This scenario will become less controversial over the next few years as the tools get increasingly stronger.

My next scenario has become quite a hot topic in the past two years.

Scenario 3: The Holy Trinity of web development

Traditional web development goes a little something like this:

  1. Server gets a request
  2. Server language handles the request and pieces together HTML which it sends to the browser
  3. The browser loves this
  4. It creates the DOM and then lets CSS and JS run wild with those DOM elements
  5. CSS styles them
  6. JS makes them interactive
  7. Beautiful, interactive pages happen!

This methodology was perfectly reasonable for its time. Then came the iPhone and the slick presentation of apps. Every project owner or client wanted their application to feel as good as an iOS application. The answer to this seemed simple: JavaScript.

Newer, more “modern” takes on web development often look something more like this:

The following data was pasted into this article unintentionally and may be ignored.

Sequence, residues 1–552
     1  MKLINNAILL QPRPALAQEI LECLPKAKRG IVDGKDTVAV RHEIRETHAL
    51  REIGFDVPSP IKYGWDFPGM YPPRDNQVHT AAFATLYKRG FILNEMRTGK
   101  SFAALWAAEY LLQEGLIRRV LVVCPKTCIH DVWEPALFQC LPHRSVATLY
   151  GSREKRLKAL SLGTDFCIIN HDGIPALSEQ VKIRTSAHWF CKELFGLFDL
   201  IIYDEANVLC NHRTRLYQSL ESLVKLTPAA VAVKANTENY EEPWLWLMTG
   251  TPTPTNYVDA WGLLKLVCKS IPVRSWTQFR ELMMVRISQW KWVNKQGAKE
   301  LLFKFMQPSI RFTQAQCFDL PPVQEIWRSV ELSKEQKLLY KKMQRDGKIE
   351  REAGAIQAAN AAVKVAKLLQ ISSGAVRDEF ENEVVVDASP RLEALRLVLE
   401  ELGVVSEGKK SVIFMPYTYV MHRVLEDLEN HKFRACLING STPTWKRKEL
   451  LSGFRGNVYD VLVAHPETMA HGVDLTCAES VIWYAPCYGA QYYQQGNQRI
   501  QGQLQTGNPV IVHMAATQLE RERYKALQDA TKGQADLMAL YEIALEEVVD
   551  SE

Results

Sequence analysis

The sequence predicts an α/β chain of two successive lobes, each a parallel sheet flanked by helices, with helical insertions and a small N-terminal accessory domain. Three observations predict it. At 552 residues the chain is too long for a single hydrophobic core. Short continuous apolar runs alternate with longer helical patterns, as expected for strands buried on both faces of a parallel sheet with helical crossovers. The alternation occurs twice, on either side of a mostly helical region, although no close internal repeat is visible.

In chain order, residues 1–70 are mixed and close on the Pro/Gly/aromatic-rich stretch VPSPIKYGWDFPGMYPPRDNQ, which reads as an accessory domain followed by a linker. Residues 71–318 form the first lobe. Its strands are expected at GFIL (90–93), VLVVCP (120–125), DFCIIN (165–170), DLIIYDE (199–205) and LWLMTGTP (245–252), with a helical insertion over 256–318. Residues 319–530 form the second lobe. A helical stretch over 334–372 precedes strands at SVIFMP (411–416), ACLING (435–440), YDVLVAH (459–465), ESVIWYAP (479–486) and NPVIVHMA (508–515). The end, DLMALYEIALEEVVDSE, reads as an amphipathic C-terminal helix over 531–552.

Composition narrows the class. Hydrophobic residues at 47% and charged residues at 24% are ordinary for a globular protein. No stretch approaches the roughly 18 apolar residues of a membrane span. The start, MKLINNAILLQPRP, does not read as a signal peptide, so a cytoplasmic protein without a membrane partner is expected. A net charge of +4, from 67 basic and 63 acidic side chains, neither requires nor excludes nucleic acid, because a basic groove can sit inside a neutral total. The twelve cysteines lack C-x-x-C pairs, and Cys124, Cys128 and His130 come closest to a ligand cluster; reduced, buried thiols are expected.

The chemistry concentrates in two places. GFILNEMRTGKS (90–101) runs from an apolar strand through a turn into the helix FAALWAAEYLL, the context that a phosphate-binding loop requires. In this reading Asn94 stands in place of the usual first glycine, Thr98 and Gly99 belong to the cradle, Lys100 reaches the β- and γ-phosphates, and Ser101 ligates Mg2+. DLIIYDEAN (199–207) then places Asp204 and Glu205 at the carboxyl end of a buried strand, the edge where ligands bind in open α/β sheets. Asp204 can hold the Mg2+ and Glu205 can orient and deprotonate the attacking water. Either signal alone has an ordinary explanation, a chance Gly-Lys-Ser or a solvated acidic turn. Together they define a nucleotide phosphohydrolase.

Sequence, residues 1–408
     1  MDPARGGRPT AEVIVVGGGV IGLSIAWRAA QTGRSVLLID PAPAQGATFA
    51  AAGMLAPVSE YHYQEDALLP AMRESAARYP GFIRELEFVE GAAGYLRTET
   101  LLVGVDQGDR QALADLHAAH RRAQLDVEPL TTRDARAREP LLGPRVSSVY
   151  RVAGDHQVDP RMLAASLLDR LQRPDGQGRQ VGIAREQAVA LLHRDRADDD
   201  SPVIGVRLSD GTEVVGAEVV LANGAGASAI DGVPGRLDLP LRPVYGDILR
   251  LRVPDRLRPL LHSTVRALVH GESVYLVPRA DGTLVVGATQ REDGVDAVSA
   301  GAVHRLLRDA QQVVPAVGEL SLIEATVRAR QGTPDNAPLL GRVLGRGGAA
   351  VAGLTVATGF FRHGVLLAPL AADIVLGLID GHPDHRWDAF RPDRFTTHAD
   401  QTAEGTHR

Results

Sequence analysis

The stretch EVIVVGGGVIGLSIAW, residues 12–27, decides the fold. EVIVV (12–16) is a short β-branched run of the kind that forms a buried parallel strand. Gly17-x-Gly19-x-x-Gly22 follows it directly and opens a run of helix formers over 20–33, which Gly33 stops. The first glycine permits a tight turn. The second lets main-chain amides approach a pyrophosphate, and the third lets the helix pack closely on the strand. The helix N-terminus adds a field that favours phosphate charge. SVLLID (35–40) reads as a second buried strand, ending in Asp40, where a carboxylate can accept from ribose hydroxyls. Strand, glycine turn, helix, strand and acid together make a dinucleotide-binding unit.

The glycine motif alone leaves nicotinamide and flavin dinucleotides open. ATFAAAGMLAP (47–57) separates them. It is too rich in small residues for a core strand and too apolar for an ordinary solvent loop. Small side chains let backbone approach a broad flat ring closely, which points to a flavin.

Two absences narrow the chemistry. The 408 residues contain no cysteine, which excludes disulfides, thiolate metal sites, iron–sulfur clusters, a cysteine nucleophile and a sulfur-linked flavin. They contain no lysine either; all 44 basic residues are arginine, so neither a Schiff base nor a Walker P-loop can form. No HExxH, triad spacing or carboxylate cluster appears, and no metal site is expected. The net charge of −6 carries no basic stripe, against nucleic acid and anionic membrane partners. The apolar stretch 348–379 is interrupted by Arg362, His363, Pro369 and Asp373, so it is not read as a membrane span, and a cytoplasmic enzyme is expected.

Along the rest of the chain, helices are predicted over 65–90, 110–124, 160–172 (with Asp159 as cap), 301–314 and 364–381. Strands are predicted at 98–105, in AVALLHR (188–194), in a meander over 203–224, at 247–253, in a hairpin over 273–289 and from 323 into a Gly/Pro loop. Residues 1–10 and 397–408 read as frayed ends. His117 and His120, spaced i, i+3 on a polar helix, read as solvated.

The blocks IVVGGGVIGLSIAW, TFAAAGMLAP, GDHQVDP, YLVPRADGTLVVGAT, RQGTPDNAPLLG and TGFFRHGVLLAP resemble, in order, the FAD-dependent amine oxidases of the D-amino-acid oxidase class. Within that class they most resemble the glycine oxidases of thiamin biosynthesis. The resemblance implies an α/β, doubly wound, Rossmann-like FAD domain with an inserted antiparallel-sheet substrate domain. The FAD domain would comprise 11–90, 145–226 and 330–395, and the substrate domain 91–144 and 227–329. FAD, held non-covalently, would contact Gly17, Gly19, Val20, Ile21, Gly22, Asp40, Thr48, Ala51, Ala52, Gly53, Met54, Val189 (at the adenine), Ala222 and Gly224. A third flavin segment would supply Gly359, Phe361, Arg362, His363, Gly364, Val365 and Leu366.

1. Server gets a request
  2. Sends the absolute LEAST amount of markup it can (a and possibly one in the )
  3. JS takes over, creates the DOM, styles the DOM, makes the DOM interactive
  4. Beautiful, interactive pages happen!
  5. Allowing JavaScript to handle this burden creates pages that feel more and more like applications. They’re highly interactive. Each subsequent “page load” is often instantaneous instead of making a new server request. We can load segments of content with amazing animations.

    These sites and apps are always amazing. They feel great to use.

    Surely with their prominence and slick interactions and great usability, they have to be the way to go!

    If we refer back to the Rule of Least Power, though, we realize very quickly that this method violates it.

    The problem

    If we look at the Holy Trinity of web development — HTML, CSS and JS — it’s easy to see the hierarchy of power. HTML is a declarative, semantic language. This means there is no programmatic power, and its tags each describe a type of data. CSS is also declarative. It has more power than HTML, but just enough to do its job.

    JS is a programming language. It can be used to do small things or incredibly large, complex things. It is easily the most powerful of the three languages.

    In the second workflow, we’ve used the most powerful language available to do all of the work.

    Why is this a problem?

    Since the DOM is created by JS, by default the data is less analyzable. HTML creates an analyzable tree of data. This data can be consumed by any number of applications.

  • The browser can convert it to the DOM
  • Google’s bots can effortlessly crawl it
  • Screen readers can read it